Sobhraj ready to take on Bollywood, with or without old foe

March 4th, 2009 - 2:40 pm ICT by IANS  

Kathmandu, March 4 (IANS) The entry of his old foe in the ring once again does not scare yesteryear’s super criminal Charles Sobhraj, who says he is ready to take on Bollywood, with or without the diplomat-turned-consultant who has hounded him for years.

“It is just a gimmick,” said the 64-year-old’s lawyer Isabelle Coutant-Peyre, dismissing reports that Bollywood filmmaker Prawaal Raman is signing up former Dutch diplomat Herman Knippenberg as a consultant for his upcoming film “Charles and I”, which is speculated to be based on the past life of Sobhraj.

“However, we are not concerned,” Coutant-Peyre told IANS. “They know they can’t make the film. We will take legal action in due course of time.”

The new twist to the Sobhraj saga, which has continued to grip the world from the 1970s, comes after Raman decided to make a new film, “Charles and I”, with Bollywood star Sanjay Dutt in the lead.

When it was known that the film was about an international criminal who is wanted by police in several countries, people began linking it to Charles Sobhraj, who in the 1970s was wanted in India, Thailand, Malaysia, Iran, Afghanistan and Pakistan as well as some European countries.

Sobhraj’s lawyers informed Raman that he would be sued for defamation if he went ahead with the film without their consent. Subsequently, the threat made the director disclaim that his project was based on Sobhraj’s life.

However, the hiring of Knippenberg as a consultant bolsters Sobhraj’s contention since Knippenberg has played a key role in depicting Sobhraj as a serial killer to the media.

Knippenberg was based in the Dutch Embassy in Bangkok in the 1970s when concerned Dutch families informed him that two Dutch tourists were missing from the Thai capital.

Since then, he became entwined with Sobhraj’s life, a bond of hate that persists even today, years after his retirement and moving from Bangkok to New Zealand.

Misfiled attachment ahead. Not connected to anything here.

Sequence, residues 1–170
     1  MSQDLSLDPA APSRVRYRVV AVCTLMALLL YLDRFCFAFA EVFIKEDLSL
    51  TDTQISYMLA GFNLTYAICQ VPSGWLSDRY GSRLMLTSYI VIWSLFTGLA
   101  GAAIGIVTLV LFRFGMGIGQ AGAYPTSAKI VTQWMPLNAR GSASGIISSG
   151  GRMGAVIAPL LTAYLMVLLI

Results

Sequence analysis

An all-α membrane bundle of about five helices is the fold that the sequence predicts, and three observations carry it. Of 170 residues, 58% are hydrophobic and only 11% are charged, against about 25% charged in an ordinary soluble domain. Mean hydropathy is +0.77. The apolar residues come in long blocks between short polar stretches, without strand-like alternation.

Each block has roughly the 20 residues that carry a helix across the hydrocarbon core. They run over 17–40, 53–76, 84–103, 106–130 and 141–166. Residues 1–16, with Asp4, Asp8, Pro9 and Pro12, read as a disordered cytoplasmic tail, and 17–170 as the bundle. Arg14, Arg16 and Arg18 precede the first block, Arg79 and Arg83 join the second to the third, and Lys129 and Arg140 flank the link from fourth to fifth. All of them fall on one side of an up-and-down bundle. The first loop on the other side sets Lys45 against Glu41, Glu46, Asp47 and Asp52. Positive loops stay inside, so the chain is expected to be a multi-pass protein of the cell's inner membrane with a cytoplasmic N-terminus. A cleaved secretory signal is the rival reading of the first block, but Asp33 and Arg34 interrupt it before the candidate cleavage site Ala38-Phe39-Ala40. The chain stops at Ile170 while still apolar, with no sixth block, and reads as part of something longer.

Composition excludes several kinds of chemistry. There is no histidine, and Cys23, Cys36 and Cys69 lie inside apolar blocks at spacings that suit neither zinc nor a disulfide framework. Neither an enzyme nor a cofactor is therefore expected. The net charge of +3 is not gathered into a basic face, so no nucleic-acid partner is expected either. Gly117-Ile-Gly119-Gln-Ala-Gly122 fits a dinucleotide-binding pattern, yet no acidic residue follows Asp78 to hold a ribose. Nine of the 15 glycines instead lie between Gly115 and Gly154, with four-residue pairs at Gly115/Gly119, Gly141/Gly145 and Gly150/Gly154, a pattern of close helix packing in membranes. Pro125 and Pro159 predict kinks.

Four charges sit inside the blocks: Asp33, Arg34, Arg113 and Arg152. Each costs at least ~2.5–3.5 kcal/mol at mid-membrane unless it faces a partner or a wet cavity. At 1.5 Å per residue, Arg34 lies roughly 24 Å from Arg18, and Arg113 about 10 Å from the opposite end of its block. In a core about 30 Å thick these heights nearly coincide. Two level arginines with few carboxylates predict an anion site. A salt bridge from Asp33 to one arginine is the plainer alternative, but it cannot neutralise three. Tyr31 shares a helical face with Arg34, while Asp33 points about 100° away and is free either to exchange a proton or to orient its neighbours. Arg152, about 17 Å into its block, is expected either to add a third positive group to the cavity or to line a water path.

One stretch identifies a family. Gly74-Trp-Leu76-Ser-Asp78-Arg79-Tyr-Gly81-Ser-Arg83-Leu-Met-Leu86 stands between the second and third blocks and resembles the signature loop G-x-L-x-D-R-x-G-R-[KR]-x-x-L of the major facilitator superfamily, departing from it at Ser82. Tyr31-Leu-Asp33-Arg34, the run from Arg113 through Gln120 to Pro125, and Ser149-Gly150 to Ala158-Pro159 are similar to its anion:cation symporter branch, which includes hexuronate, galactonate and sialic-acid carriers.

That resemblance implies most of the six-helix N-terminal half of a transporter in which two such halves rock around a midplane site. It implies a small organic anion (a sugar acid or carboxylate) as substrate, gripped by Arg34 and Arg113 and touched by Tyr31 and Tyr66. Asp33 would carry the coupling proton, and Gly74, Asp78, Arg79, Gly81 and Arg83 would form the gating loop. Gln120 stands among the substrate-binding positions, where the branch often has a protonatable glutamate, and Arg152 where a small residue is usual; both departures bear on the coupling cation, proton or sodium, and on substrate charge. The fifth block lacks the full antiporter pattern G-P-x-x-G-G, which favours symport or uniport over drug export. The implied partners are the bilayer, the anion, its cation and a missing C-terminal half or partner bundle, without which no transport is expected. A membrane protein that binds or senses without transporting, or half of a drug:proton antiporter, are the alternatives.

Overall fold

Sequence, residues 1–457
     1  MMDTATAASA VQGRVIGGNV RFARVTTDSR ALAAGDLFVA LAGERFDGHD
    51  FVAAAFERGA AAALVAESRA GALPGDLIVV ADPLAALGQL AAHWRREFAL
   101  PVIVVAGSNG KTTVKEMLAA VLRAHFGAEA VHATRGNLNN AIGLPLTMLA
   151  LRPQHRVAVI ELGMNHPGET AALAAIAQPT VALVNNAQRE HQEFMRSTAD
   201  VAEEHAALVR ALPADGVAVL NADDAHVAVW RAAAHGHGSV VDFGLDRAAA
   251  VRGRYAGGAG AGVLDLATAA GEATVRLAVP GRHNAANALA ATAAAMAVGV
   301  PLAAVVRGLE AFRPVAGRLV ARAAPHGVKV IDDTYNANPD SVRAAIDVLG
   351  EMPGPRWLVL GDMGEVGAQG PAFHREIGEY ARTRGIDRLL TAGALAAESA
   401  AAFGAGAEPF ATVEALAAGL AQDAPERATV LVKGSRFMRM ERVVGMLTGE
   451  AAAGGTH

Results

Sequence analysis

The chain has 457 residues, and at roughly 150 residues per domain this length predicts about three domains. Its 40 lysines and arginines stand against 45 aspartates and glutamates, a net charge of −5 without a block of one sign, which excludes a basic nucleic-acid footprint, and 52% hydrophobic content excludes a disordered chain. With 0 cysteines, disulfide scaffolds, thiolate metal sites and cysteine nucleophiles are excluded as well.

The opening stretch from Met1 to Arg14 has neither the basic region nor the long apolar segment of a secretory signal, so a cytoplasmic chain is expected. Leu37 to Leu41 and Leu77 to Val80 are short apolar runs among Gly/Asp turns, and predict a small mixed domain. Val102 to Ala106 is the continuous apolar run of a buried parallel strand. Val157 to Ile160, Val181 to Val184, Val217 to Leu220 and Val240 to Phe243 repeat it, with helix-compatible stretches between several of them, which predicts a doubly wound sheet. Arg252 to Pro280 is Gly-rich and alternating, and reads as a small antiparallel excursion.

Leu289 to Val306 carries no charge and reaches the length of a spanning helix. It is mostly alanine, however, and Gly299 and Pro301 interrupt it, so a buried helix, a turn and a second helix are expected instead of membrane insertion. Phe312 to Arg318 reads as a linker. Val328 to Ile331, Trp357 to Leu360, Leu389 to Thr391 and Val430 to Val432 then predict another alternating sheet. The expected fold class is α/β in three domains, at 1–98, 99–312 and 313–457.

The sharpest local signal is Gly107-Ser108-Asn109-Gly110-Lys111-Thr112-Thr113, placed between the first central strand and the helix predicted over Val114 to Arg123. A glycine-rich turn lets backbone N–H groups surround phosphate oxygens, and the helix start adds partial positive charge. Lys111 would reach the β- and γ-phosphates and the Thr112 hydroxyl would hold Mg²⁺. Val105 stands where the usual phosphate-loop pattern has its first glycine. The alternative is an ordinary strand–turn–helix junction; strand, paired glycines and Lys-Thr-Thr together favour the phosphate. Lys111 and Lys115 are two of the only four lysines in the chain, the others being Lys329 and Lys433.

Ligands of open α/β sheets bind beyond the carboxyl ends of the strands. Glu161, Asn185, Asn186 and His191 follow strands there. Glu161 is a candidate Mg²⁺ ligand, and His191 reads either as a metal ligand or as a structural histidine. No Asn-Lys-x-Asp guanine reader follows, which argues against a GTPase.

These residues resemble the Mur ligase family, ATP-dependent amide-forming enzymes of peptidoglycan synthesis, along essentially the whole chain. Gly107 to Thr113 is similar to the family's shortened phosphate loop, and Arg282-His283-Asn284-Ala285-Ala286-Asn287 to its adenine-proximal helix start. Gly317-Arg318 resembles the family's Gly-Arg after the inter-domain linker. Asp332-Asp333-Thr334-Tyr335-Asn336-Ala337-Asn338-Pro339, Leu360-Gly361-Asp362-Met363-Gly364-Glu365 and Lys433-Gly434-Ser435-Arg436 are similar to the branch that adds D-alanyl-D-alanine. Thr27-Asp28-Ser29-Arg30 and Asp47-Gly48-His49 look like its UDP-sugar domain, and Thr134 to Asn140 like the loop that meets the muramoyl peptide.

The Dutch diplomat’s story forms the basis of a book on Charles Sobhraj’s crimes, including alleged serial murder of western tourists, a docu-drama and media reports.

Knippenberg also wrote an article for Reader’s Digest, slamming Sobhraj as a serial killer and highlighting his role in exposing Sobhraj - an article that was presented in Nepal’s court by lawyers who hailed it as proof that Sobhraj killed an American tourist in Kathmandu in 1975.

Last year, Coutant-Peyre successfully fought a battle against a website hosted from Knippenberg’s home country that sought to portray Sobhraj as a convicted killer acknowledged to be so by the UN.

Sobhraj says he has never been convicted for murder by any court and labelling him serial killer amounts to defamation. He also says that the Nepal court was the first to sentence him for murder five years ago.

However, since that case is still being fought in Nepal’s Supreme Court, the issue remains sub judice.

Last year, Coutant-Peyre flew down to Nepal to present to the UN the Dutch website, believed to have been hosted by Knippenberg, whom Sobhraj accuses of being involved in a vendetta against him.

On the UN’s intervention, the Dutch authorities closed down the website.

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